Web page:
# Stability analysis for ODEs with non constant inputs

For a project, I have to deal with systems of ODE's with non constant input such as:

$$\begin{cases}\dot x =I(t)x+x^2\\ \dot y=x\end{cases}$$ where I(t) is a random input (for example). In any case, I don't have $I(t)$ as an explicit function. It may be random or it may be something that depends on other system of ODE's. I wonder if these systems have a name and there is some sort of theory behind them (any reference will be very appreciated).

In particular I would like to be able to do stability analysis of some of these systems, such as computing equilibria and their stability, finding periodic orbits and so on. I'm not sure if this is possible, but I would like to know how much can be known analytically of such systems.

Thanks a lot!

• Can you provide any additional constraints on $I$? For example, is it a noisy process? If so, this can be reformulated as a stochastic differential equation. Is it bounded? Is it positive? Oct 15 '14 at 0:30
• @MrSlunk $I$ will be a random process (Gaussian white noise for example) in one type of situation. In the second type that I'm interested $I$ will be the output of integrating another ODE for $\tau$ units of time. After that, this ode will be integrated for $\tau$ units of time and so on and so forth (up to four ODE's). However, the first case -the one you mention- is the one I'm more interested in. Thanks Oct 15 '14 at 7:23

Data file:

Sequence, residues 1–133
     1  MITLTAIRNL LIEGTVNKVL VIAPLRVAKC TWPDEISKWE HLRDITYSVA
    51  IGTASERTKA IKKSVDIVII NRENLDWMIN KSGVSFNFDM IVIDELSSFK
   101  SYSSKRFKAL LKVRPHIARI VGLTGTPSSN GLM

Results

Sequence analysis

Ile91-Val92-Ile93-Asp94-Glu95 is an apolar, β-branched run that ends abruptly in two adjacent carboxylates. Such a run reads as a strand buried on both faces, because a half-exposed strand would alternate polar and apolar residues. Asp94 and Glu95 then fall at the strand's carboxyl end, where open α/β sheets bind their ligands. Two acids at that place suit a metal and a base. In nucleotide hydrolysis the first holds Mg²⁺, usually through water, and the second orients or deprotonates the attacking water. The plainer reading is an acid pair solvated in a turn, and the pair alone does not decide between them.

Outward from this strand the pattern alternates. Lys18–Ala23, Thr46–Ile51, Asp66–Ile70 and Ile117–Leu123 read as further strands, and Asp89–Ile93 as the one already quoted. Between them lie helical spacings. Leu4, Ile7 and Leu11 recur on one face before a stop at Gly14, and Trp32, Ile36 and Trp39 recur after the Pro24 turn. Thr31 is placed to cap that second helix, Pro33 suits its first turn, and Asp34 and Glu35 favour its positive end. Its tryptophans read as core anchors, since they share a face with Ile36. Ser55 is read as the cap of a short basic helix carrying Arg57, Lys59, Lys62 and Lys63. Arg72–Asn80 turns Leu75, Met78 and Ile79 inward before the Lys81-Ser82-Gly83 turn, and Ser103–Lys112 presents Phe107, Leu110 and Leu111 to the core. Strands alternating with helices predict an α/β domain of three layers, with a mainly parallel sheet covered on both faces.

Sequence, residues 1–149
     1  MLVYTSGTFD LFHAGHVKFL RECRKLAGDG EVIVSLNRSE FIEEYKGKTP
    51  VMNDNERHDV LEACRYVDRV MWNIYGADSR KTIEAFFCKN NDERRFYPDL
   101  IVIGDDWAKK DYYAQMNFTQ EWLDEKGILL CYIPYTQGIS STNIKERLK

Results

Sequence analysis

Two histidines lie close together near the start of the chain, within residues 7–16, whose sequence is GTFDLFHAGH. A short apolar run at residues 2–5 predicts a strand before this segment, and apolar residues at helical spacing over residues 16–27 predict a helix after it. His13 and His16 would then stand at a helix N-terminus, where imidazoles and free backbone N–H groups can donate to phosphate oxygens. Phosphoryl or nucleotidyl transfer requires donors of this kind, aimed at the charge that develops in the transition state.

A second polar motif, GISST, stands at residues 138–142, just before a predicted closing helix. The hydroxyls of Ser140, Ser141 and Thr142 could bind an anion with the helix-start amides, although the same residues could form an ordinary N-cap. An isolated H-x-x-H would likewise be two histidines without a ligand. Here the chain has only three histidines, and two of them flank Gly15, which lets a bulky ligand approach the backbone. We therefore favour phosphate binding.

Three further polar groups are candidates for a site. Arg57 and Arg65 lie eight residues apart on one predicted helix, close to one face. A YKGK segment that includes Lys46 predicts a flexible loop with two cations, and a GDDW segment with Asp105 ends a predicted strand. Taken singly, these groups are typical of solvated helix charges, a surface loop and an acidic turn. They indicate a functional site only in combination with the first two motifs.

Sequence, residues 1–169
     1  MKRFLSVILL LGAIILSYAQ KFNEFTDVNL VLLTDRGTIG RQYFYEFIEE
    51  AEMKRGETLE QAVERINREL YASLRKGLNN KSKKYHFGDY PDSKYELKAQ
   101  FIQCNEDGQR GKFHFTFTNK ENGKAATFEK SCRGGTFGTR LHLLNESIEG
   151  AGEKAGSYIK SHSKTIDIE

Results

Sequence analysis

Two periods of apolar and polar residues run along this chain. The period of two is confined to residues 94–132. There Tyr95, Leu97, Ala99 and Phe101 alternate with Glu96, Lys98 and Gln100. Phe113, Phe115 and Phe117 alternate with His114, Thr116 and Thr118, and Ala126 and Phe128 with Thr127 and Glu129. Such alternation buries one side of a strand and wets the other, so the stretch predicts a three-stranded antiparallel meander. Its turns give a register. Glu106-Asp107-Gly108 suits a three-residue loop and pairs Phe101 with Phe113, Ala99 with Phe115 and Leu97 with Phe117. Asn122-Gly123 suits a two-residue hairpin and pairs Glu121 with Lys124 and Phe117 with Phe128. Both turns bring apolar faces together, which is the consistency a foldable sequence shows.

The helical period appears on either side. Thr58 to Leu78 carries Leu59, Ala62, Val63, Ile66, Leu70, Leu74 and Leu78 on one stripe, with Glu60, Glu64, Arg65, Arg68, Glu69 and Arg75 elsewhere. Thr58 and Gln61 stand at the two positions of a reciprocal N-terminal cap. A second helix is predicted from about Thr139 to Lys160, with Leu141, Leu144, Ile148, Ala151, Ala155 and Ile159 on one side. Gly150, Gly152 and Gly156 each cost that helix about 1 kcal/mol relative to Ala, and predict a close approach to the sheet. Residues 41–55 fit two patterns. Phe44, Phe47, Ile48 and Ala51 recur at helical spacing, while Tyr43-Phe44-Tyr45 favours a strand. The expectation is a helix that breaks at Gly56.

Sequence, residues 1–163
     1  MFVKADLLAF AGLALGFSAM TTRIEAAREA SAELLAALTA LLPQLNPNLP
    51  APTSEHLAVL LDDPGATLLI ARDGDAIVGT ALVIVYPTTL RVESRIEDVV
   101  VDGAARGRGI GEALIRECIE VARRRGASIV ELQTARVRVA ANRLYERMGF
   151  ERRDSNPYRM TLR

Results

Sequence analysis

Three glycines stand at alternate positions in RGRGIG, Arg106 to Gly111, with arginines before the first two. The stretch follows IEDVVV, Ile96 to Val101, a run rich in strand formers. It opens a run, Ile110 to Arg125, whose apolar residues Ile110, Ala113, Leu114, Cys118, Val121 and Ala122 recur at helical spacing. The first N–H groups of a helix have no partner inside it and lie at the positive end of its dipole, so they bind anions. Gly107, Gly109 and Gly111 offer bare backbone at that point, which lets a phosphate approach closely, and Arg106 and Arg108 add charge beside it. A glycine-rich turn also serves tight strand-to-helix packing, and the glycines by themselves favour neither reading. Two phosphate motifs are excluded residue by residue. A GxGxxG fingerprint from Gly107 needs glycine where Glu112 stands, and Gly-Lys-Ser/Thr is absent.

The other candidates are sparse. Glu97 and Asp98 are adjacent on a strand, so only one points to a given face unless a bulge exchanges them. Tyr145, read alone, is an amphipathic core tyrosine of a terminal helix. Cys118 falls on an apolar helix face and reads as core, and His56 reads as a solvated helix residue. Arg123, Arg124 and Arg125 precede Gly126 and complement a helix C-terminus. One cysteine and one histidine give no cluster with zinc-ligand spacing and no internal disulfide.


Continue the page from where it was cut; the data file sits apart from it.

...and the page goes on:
## 2 Answers

I think they are called non-autonomous differential equations, or non-autonomous dynamic systems, or also time-varying (since "t" explicitly appears in the righthand side) differential equations. Lyapunov stability theory might apply to specific cases to the best of my knowledge.

• well, they are non-autonomous for sure. But the complication is not there, but in the fact that we don't have a explicit representation of the non-autonomous term. Sep 7 '14 at 15:43
• well, if $I(t)$ depends on another system of ODE's then the system is called a cascade system if it is in the following form, $\dot{x}_{1}=f_{1}(t,x_{1},x_{2})$, $\dot{x}_{2}=f_{2}(t,x_{2})$ (you can take $x_{2}=I(t)$ for instance). the stability of these type of systems can be studied using input-to-state stability. you can check the book of Hassan K. Khalil called "Nonlinear Systems" for further information. Sep 7 '14 at 16:32

In the case where $I(t)$ is a noisy process, this would be modelled as a stochastic differential equation. The best reference I've found is this on by Gardiner.

Some observations:

$x,y$ decouple; So there won't be any periodic orbits in $(x,y)$.

Naively looking at the fixed points of this problem; we have $\dot{x}=0$ which implies $x=0$ or $x=-I(t)$. If we look at a ball about the $x=0$ solution then your stability is tied to whether $I$ is positive or negative. When we linearise about the $x=-I(t)$ solution, we find that the stability of this is exactly the opposite of the $x=0$ solution.

Essentially, $x$ with jump from $x=0$ to $x=I(t)$ when $I>0$ and back $x=0$ when $I<0$. $y$ will act like a kind of accumulator and not have any fixed points unless $I<0$ for all time.